A perfect example is Robert’s father. Though he’s dead and gone from the family picture as soon as page two, we get a clear picture of the thwarted salesman who knew “a hundred smutty stories.” In just a few well-chosen lines, we know that guy. One of my favorite descriptions is of Julie Hovard (the main object of Robert’s teen desires) when she’s still a spoiled little girl at the book’s beginning:

Her skin shone from expensive foods, pure milk, the finest soaps; her clothes were as crisp and fresh as new popcorn.

All but one of the hacking scenes take place offstage, but Vance makes sure we know how brutal they are. They’re almost no match for the simple descriptions of Robert’s face in repugnance, though. Having to stifle gasps, his own mother assesses his burnt-off eyebrows, the holes where his nose once was, and his left cheek that’s now “like a dish of brains.” The plastic surgeon, recalling his work to a cop, calls Robert’s face “as nasty a wad of tissue as I’ve ever seen.”

It’s no wonder this guy has some issues.

A last observation about The Flesh Mask is that, though clean enough for 1950s audiences, there’s an undercurrent of eroticism that Vance manages to maintain even while keeping sex out of the book. It establishes itself firmly during an evening of sorority initiation, to which Robert and a few other semi-drunken athletes are invited: 

The idea fascinated Robert. He had visions of girl-rites -- fair young bodies -- madness -- abandon … Julie Hovard … Something clenched in his stomach.

Paperback edition of Take My Face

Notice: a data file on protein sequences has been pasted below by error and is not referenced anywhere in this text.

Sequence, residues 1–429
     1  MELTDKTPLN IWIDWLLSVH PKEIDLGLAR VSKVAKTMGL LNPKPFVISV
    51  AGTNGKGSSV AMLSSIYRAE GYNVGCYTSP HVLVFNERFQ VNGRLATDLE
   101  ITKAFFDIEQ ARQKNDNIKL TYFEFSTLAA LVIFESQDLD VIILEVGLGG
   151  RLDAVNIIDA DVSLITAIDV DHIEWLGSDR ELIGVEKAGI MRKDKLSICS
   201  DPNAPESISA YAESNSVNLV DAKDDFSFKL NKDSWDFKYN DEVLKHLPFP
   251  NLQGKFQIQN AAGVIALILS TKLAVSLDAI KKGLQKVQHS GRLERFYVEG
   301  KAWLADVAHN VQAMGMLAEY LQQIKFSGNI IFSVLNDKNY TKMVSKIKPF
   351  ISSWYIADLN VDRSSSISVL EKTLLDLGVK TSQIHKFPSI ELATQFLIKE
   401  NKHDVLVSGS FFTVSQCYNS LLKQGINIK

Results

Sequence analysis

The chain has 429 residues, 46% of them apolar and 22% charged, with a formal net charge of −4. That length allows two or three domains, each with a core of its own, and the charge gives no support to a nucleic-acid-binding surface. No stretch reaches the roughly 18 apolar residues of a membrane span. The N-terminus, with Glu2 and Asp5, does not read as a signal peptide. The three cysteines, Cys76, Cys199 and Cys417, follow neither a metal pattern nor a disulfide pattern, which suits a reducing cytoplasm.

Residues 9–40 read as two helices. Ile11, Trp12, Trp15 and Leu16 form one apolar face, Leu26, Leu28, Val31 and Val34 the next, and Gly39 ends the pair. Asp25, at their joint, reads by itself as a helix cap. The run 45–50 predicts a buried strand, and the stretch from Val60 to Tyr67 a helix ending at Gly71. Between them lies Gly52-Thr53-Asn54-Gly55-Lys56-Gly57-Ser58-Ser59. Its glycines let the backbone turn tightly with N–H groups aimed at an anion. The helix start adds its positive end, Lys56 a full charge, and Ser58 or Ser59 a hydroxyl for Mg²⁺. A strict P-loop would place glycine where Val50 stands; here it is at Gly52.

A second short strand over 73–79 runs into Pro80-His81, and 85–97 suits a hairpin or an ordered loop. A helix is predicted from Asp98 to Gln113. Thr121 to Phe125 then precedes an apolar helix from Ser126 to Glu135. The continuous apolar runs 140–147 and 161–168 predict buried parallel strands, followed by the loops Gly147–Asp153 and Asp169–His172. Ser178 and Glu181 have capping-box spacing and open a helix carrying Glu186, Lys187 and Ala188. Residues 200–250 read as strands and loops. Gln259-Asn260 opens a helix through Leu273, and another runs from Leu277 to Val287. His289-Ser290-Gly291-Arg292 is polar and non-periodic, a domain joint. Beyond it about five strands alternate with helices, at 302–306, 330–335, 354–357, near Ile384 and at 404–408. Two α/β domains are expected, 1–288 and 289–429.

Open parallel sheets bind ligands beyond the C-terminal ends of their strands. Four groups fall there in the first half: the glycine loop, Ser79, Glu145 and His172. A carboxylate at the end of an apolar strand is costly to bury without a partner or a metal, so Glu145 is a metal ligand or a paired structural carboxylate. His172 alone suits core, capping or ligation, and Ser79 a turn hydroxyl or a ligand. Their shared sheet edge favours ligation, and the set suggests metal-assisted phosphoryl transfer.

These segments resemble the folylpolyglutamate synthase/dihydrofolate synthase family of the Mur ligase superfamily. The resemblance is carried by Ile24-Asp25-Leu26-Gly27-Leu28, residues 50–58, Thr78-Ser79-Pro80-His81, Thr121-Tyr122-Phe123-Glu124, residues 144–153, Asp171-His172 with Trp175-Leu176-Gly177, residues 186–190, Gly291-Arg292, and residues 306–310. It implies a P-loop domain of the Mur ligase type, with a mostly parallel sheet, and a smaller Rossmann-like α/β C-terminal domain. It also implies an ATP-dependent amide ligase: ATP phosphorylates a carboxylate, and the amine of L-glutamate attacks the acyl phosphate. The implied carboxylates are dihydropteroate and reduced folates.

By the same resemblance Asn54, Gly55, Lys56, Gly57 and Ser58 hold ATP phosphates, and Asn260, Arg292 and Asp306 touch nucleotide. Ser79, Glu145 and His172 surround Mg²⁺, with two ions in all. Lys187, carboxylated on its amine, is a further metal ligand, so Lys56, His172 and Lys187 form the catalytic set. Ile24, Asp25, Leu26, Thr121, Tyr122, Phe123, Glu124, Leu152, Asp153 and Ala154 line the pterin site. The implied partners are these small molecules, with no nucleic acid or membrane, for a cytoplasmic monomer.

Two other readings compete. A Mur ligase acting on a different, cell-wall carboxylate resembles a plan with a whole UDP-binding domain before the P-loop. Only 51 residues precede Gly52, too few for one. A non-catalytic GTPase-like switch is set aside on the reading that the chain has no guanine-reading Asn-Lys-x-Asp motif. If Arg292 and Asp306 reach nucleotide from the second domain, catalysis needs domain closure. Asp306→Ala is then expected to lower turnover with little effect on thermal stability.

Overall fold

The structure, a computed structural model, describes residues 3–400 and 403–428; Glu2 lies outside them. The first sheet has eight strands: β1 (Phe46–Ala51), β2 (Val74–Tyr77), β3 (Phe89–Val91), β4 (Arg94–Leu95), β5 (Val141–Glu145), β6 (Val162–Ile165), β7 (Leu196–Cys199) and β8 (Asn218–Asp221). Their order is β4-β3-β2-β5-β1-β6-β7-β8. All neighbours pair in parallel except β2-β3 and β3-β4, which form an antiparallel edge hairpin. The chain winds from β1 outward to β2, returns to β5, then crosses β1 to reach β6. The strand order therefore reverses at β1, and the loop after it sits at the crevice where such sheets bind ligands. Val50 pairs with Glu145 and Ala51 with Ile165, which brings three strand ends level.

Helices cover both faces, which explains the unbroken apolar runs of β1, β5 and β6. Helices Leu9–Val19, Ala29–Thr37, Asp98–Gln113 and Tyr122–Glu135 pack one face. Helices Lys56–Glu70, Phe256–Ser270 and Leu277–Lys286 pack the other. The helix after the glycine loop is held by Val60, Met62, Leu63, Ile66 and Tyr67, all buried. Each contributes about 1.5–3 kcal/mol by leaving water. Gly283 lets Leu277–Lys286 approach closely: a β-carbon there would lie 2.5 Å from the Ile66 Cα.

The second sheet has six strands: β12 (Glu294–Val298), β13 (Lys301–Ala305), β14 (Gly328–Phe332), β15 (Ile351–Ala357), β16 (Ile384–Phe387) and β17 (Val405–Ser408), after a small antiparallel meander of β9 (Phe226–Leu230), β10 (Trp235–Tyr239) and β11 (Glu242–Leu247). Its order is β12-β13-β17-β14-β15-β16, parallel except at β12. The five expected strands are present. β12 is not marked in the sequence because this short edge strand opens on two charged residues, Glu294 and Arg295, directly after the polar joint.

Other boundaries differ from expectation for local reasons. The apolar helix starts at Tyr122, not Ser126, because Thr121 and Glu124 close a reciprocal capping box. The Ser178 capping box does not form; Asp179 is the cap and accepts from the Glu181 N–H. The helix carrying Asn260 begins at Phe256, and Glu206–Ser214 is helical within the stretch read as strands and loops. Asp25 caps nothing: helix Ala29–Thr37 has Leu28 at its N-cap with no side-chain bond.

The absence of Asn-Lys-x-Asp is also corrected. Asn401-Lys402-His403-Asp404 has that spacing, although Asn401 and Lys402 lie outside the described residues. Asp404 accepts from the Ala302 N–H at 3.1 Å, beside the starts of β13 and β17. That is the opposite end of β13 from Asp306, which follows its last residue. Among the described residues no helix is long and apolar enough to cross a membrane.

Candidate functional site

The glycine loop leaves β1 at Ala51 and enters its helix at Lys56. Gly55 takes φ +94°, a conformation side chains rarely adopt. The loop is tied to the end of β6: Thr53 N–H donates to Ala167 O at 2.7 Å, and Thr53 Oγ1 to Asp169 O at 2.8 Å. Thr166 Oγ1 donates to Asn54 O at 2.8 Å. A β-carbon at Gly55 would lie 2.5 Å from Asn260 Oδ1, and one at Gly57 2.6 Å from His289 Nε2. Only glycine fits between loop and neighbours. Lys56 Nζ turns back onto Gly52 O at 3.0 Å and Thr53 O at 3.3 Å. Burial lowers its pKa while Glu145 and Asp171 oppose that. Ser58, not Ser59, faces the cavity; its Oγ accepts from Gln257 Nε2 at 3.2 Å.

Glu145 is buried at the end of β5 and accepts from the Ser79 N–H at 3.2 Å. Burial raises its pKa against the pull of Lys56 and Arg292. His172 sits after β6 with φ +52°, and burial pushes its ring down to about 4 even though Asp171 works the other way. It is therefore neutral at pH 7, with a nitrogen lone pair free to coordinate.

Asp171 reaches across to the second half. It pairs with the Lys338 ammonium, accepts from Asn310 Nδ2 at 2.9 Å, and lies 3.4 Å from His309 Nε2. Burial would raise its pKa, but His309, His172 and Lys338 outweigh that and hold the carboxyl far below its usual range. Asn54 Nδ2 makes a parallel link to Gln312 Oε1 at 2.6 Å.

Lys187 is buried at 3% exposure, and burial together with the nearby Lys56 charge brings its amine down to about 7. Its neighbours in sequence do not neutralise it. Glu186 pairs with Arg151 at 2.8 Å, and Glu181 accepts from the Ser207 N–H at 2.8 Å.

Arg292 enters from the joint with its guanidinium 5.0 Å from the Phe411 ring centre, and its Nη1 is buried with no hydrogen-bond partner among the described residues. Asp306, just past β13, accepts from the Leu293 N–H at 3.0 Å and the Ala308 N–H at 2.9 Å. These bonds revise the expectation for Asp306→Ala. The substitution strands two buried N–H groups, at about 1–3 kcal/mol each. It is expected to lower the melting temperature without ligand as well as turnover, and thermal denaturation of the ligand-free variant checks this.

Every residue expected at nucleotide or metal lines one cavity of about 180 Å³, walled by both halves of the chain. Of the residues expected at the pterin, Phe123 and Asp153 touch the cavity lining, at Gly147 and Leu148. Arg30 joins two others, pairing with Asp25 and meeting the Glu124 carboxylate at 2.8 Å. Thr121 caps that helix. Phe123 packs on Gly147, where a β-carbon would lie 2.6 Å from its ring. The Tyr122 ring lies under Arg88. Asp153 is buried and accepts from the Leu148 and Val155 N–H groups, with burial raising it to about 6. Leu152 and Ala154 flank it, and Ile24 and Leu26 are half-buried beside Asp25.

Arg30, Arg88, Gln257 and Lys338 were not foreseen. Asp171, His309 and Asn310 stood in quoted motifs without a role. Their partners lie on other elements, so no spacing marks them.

While the event is tame by today’s standards, the girls’ shyness when made to do “whatever the boys want” seems to come off as more erotic than the debauchery that we know would ensue in a present-day version.

Vance was interviewed by Locus about a year before his death, and managed to be both self-deprecating and revelatory about his writing skill:

I wrote to make money, not for any other purpose. I just wrote the stuff because I was pretty good at it, and I wrote as fast as I could. I don’t glorify my writing at all. For some reason I have the knack. I can’t take any credit for it, any more than you can take credit for being a beautiful girl.

I think that sums it all up pretty nicely.


This is my first time joining in on the Friday’s Forgotten Books posts begun by Patti Abbott. See her blog for a full list of reviews, and marvel at the names when you see who’s participating -- a bunch of mystery writers are in on the shenanigans.


  1. I didn't know about this alternate title. I reprinted my review of this one today.

    1. I remember reading your review, then came across it again while looking for publishing info for the book. Supposedly Vance preferred the title The Flesh Mask -- I suppose it was too gruesome for 1957 sensibilities?

    2. In a world of paperbacks sold in drugstores that had only recently seen their comic-book racks gone over by neighborhood censors, probably was too "strong" a title.